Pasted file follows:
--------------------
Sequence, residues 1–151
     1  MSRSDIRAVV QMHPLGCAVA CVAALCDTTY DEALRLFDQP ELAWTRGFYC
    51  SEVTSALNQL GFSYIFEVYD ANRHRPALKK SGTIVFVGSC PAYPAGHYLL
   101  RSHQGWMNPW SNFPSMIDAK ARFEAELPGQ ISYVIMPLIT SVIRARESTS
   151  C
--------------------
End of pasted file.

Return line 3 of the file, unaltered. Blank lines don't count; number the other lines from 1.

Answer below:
    51  SEVTSALNQL GFSYIFEVYD ANRHRPALKK SGTIVFVGSC PAYPAGHYLL